THE BLOG
02/13/2014 03:22 pm ET Updated Jun 09, 2014

5 Languages of Love

For some reason, I seem to be always talking about Love these days. Hum... I wonder why? Anyway, I do find it a fascinating and complicated topic. How do we love? How do we know when someone loves us? How do we express our love? Inevitably, I bring a book I read years ago, called the 5 Love Languages by Gary Chapman, into the conversation.

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The premise of the book is that we all feel and know that we are loved by how people relate to us. There are five love languages that we can fall under that make us feel truly loved. They are: Words of Affirmation, Quality Time, Receiving Gifts, Acts of Service and Personal Touch. We, of course, will fall into more than one category but one will resonate more than the others.

Finding the right language is the key to helping a person feel loved. This is not just for a spouse, partner or lover. There are other relationships that are filled with love, like love for a parent, girlfriend or child.

Do you remember the 'good ole days' when 'experts' told us to treat all of our children the same to prevent jealousy? Yet our children still felt that their siblings were loved more than they were. The different love languages really explains why this may have happened.

Using myself and my family as examples will comprehend each love language more clearly.

Words of Affirmation

This is really as simple as "to love me is to talk to me." My sweet little one (she is 8), falls under this category. Although we may be baking, reading or playing a game together, it is the verbal communication that she enjoys the most. It is my tone of voice and the words that I use that means so much to her. This really goes for anyone, but what is different with people who resonate with this love language is that they take words personally. When I reprimand her, I have to be careful with my tone and words. Where I would need to give her siblings a strong tone in my voice and/or a time out, for her, I just need to tell her what she did that was not OK. She gets it. We used to say she was "so sensitive," but after reading this book, I understand that it is more that she hears the words I say and how I say it more clearly than her siblings. To her, when I say "I love you," she knows I mean it. One day she told me that she loved me to her heart. How can you beat that!

Quality Time

This is "to love them is to spend time with them." For my 10-year-old, she needs my undivided attention to knows she is loved. She is the one who always wants to play games or go for a bike ride together. It is important for her to be with the people that love her. It is not that these people need to be with a person all the time. It is just that there needs to be times in each day that they really connect with the ones they love.

Receiving Gifts

We all love receiving gifts (a little bling now and again can NEVER hurt a relationship), but for a person whose language is "to love me is to buy me things," receiving a gift is a demonstration of love. It gives them a tangible symbol that they can hold onto. When they look at the gift they think, "this person thinks of me and loves me." Even as a very young child, my oldest loved and cherished gifts that were given to him from the people who love him. These gifts had nothing to do with monetary value, it could be a shell found on a beach or something one of his grandparents found in their home that they thought he would like. For people with this love language, it is important to "see" the love.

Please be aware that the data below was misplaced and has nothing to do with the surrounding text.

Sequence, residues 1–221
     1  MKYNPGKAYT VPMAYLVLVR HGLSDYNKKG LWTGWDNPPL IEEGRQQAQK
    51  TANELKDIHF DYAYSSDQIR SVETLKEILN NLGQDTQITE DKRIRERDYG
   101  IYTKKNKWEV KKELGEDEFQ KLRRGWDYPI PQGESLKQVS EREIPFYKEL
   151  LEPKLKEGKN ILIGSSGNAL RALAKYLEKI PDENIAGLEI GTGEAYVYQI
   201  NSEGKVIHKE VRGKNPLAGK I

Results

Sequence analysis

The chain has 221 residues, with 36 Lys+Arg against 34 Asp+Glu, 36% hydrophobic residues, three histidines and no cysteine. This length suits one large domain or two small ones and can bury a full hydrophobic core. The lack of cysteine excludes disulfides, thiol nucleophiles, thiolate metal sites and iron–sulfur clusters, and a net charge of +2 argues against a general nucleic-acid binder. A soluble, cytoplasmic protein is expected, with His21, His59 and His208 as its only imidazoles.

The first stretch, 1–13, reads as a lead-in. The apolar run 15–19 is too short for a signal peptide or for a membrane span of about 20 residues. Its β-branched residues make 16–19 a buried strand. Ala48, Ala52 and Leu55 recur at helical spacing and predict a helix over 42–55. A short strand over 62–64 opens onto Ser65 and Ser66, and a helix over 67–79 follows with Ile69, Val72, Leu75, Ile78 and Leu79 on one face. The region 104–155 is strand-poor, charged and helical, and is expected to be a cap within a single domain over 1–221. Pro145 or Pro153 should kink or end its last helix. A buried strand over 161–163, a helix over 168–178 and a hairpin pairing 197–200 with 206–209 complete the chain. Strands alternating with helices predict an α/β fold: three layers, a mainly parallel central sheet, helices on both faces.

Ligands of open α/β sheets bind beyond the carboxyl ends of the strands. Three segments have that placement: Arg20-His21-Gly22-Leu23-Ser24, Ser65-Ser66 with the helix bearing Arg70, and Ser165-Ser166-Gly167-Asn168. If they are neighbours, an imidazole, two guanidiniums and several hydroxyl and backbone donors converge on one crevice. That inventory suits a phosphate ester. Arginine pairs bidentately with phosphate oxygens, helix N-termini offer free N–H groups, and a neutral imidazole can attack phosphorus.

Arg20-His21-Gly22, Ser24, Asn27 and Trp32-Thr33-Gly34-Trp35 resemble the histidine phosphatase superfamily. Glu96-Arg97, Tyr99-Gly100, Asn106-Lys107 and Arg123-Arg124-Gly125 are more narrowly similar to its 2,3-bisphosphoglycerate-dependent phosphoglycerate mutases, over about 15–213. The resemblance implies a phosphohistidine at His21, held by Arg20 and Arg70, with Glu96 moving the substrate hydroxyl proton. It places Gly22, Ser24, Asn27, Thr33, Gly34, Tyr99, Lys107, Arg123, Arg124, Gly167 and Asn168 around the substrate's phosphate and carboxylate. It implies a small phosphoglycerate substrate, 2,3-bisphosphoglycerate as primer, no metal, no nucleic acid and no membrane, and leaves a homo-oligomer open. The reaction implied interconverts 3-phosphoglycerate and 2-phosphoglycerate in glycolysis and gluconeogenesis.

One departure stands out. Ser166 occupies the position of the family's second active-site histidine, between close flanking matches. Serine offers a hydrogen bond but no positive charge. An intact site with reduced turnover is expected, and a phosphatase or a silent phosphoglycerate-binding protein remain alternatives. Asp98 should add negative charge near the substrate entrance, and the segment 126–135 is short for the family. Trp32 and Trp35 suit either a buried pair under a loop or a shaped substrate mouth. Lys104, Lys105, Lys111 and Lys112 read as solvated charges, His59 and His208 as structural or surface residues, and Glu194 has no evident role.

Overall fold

Acts of Service

For this person, "to love them is to do things for them." It is doing things for that person that you know that they would like. For my husband, a clean freak from birth, when I make an effort to tidy up (not one of my fortés) and vacuum, it really means the world to him. It is not the same if they have to ask. This has to be a spontaneous thought on your part, thinking, "hey, I know he will like it if I do this for him!"

Physical Touch

Hasn't touching always been a way to communicate that you love someone? We all need to be hugged, kissed and held for our physical and emotional well-being, but with the person whose language is "to love them is to touch them," it goes one step further. Without it, they feel completely unloved. I fall under this category. When my husband and I started dating, we always spooned on the couch together, snuggling as we talked or watched TV. Now that couches are smaller (ahem), we can no longer do this, but we still touch, even if it is just our toes. After 28 years of marriage we still hold hands. I anticipate we will be one of those cute couples in our 90′s when we will still hold hands and 'smooch' in public. At least I hope so.

Which one do you relate to? Which one do you use to express your love? Do you notice that the one that is your love language is the one you use to show your love? Understanding that this might not be the language your significant other resonates with will make a tremendous difference in your relationship. 5 Love Languages has an online quiz for you to take to discover your own love language.